Things That Distract From Reaching the Destination
We figured that we should try to travel about 500 miles a day in order to reach our destination in Alaska in five days. I could have spent a month in Banff National Park, but alas, I haven’t retired yet.
A constant push and pull plagues me when we travel—do I stop and take a photo of THIS stunning sight? Or do I push on towards our destination? After passing through Jasper National Park, intermittent rainstorms produced stunning rainbows that I managed to capture without having to stop.
That same push and pull plays out in my every-day-not-on-vacation-life as well. How do I marshal my resources and efforts to reach my goal and not get sidetracked by every shiny object in my path?
I don’t know about you, but Facebook, the nominating committee at church, finding the perfect recipe for chocolate lava cake, and sorting through an endless stream of emails with promised opportunities all constitute shiny things that nibble away at my ability to get things done.
Pretty soon, I find myself lost in a barrage of worthy (and not so worthy) causes that cry out for my time. At the beginning of the year I read Michael Hyatt and Daniel Harkavy’s book Living Forward. The book addresses our need to prioritize our time and create a Life Plan. I went on a Life Plan retreat and followed through with reading my Life Plan every day for 90 days.
The Life Plan that I came up with helped me see that I need to invest more time in my most important relationships. And thus the idea for a trip to Alaska to spend time with Sarah came to fruition. Driving to Alaska with Pedro would strengthen our marriage, and spending time with Sarah would build new memories.
Why Camp in a Parking Lot?
We arrived in Grand Prairie at eleven p.m., and easily found a Walmart to park in. I know, I know. The first time I saw a caravan of RVs parked in a Walmart parking lot I laughed out loud. The rigs ranged in price from just-barely-moving to must-have-cost-a-quarter-of-a-million.
“Why in the world would anyone want to CAMP in a Walmart parking lot?” I asked Pedro when we counted 35 RVs in the Bozeman, MT Walmart parking lot. Later that same summer we purchased a used RV and discovered why people don’t bother checking into a campground.
1. Walmart parking lots provide safety at no cost.
2. You can run inside and buy what you forgot.
3. Every major city (and some smaller towns) has at least one Walmart—you can even purchase a Walmart atlas.
4. When you have a long trip ahead, it makes sense to save your money for camping at the destination.
There you have it—four great reasons for spending the night in your RV at a Walmart parking lot. Of course, one must also beware when stopping at Stuffmart for the evening.
The Dark Side of Walmart Parking Lots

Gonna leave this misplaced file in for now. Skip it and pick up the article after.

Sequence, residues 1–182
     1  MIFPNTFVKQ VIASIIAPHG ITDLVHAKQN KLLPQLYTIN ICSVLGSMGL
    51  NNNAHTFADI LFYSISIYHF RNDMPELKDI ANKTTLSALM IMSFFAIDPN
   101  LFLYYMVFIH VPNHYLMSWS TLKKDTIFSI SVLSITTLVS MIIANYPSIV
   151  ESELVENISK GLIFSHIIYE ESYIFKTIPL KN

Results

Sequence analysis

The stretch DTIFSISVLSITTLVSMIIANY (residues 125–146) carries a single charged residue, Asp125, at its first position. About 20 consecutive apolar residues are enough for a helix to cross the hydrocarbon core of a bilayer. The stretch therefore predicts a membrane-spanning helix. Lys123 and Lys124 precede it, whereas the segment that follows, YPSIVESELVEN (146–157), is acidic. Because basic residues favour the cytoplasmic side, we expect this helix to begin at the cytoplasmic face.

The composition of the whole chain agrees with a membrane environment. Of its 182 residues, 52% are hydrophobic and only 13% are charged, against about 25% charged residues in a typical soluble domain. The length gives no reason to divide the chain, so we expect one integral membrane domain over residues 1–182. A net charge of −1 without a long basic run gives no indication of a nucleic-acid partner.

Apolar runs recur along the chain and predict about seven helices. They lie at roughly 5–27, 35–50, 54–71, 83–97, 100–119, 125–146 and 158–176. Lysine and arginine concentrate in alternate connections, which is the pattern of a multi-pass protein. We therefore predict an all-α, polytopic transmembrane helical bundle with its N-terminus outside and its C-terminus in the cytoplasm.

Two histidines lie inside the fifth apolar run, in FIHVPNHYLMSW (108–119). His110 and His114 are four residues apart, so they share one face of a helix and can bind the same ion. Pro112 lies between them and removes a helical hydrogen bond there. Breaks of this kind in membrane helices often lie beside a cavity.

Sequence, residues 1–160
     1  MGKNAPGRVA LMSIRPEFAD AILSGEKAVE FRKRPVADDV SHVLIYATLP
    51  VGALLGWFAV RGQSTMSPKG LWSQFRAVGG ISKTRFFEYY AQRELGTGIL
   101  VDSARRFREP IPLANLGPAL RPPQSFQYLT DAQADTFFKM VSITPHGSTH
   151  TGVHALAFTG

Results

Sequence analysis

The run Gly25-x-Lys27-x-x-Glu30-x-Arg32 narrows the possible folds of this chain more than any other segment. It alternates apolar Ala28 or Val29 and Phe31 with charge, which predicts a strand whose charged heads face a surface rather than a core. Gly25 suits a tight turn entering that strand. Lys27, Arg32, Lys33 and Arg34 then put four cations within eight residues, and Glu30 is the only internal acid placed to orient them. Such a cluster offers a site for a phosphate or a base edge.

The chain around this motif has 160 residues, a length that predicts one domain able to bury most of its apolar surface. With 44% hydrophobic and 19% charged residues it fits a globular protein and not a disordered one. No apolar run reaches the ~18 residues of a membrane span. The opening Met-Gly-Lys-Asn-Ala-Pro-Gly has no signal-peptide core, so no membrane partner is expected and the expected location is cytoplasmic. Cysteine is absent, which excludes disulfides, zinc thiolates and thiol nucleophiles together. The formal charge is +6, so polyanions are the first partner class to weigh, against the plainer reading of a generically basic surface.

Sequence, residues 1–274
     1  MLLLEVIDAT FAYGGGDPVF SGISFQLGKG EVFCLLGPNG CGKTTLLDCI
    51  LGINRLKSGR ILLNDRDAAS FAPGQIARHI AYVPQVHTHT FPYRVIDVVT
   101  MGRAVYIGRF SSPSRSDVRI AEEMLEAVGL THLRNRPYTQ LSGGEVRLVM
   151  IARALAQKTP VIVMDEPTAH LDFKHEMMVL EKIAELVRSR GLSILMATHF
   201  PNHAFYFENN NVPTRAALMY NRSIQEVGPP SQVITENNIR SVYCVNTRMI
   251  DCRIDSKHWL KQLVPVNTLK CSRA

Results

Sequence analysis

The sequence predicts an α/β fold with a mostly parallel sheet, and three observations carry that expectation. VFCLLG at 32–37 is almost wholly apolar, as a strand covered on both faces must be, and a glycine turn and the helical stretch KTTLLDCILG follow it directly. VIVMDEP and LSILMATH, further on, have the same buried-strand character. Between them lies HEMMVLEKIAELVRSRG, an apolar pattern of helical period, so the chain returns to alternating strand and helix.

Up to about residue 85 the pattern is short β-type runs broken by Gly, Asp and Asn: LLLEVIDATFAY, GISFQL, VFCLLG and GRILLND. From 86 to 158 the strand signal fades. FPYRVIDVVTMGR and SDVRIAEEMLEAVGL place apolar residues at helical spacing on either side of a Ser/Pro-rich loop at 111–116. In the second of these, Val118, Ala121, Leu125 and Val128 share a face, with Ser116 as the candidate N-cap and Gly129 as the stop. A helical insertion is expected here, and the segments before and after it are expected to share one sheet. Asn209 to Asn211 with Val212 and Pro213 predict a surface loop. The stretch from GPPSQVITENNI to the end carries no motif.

Once, we traveled from Montana to Oregon with friends—each family driving their own RV. I kid you not. I got up, went running, made breakfast, ate, showered and had things ready to travel by eight a.m.
Our travel companions had to ‘just run into Walmart for a few things.’ When they came out three hours later, our kids had reached the limits of their patience and I had steam coming out of my ears. Note to self: make plans for leaving with all members of the party the day before. Other pitfalls of parking lots.
1. You might end up buying things you don’t need because they have a clearance tag.
2. Not all Walmarts welcome RVs—check their websites or call ahead.
3. No electricity or sewer dumps (Cabela’s and Fred Meyer Stores often have sewer dumps—but you can’t find one in every town).
4. In really small towns, people might use the Walmart parking lot as a local (and vocal) hangout.
The Walmart Parking Lot is NOT the Destination!
I think about crazy things when I go running, and that morning in Grand Prairie proved no exception. I looked around at all the other RVs and smiled. We all knew something that we could apply to our lives in general. I started to hum the old tune from summer camp:
This world is not my home
I’m just a-passing through
My treasures are laid up
Somewhere beyond the blue.
We had almost 1500 more miles to travel before we reached our destination. The truck and trailer looked a little worn and dusty, but it would probably look worse before we arrived. We didn’t know much about the road or the towns that we would pass through. Those things didn’t matter. We had a plan and knew our ultimate destination.
So let people smile, laugh and point at the parking lot brotherhood. We knew that the Marmart parking lot wasn’t our destination.Having a destination in mind helps you not sweat the small stuff or get destracted by the uninportant. #write31days Click To Tweet
Beauty Tip #10: Having a destination in mind helps you not sweat the small stuff or get distracted by the unimportant.
Q4U: Do you find it easier to accomplish something when you have the end in mind?